British and American spies collected live video from Israeli drones as part of a classified program code-named “Anarchist,” which operated from a mountaintop listening post on the Mediterranean island of Cyprus.
Among the files provided by former National Security Agency contractor Edward Snowden are a series of “snapshots” from Israeli drone feeds, which offer a rare glimpse at the closely guarded secret of Israel’s drone fleet.
The images presented here show several different types of unmanned planes.
On January 28, 2010, GCHQ analysts on Cyprus captured six minutes of video from what appears to be a Heron TP, a giant drone manufactured by the state-owned Israel Aerospace Industries (IAI).
This is another image taken from a Heron TP, intercepted on February 9, 2010. The Heron TP or Eitan (meaning “strong” or “steadfast”) has an 85-foot wingspan, can carry a 1-ton load, and can stay aloft for up to 36 hours. It has been described in the press as “the drone that can reach Iran.”
This is an IAI Searcher MK III. The Searcher was developed in the 1980s, but is still used by the Israel Defense Forces and by a number of other countries.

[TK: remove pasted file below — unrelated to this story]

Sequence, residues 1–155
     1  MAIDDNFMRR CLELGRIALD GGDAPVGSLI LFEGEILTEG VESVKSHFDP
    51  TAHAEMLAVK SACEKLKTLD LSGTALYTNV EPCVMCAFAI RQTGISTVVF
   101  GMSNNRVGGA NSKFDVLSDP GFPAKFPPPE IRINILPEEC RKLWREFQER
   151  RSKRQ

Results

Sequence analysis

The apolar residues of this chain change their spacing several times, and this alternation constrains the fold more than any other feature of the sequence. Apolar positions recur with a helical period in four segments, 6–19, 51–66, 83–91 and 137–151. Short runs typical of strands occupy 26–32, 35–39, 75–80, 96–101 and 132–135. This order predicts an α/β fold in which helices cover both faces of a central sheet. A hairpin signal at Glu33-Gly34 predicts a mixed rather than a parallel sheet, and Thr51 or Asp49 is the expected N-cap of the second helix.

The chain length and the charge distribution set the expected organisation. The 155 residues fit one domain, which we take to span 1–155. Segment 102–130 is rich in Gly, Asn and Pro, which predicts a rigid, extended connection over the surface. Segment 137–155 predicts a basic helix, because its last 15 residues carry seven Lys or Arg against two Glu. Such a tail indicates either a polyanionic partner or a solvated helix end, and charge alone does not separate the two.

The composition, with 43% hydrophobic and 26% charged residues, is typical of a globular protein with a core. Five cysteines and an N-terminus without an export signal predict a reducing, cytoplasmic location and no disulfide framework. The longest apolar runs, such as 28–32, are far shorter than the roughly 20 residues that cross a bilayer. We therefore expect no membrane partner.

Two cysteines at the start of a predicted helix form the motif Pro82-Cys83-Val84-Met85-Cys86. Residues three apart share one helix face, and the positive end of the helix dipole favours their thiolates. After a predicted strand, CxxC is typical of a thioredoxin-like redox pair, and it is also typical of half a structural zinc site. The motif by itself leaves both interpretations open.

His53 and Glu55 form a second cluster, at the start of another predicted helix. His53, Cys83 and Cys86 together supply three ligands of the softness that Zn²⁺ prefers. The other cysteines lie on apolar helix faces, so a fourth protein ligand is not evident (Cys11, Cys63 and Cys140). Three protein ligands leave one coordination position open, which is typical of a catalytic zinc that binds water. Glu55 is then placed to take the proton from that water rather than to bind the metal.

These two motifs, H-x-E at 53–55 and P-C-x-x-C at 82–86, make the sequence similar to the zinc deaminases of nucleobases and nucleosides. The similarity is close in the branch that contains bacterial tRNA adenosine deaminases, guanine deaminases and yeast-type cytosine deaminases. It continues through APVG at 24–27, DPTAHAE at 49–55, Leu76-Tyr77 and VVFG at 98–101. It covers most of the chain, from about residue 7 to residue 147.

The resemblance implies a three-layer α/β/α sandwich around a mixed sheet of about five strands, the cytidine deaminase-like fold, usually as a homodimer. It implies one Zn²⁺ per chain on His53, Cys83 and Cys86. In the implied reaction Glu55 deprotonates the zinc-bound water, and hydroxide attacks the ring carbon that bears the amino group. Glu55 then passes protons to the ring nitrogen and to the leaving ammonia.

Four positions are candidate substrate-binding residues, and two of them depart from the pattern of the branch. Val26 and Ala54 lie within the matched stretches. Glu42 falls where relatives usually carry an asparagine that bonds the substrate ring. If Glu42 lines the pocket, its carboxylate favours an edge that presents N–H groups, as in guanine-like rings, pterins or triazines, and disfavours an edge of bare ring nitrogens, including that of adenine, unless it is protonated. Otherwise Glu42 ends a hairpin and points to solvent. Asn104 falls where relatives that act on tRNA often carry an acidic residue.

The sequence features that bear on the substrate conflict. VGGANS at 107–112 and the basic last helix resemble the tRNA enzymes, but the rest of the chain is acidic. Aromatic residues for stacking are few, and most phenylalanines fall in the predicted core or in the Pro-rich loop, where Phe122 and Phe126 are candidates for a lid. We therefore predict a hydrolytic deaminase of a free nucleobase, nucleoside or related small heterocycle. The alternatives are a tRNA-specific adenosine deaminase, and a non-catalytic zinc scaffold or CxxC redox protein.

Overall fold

This image was intercepted early on the morning of January 7, 2010. Based on the display markings, like the dial in the upper right-hand corner, it appears to be from a drone made by the company Aeronautics.
This blurred image was recorded on August 25, 2009, the same day that news agencies reported that the IDF bombed a terror tunnel in Gaza.
This image comes from a PowerPoint presentation and shows a video still from an Iranian-made Ababil III drone flying out of western Syria. The signal was captured by Anarchist analysts and recorded on March 11, 2012. The image offers rare evidence of Iranian drones operated by Syrian President Bashar al-Assad’s military
Two intercepts at different times on July 20, 2009, show how the quality of the images Anarchist grabbed could vary. Analysts would have to reprocess the feeds and clean up images to get an idea of what they were looking at.
A training manual for Anarchist explains how analysts decoded video feeds that were encrypted.
Anarchist also tracked the location of drones. This map shows movement data collected on June 24, 2009, from an Israeli drone of an unspecified type. Several locations are recorded, including one north of Shechem and others in Judea-Samaria.
Another snapshot shows what appears to be the landing gear of a drone.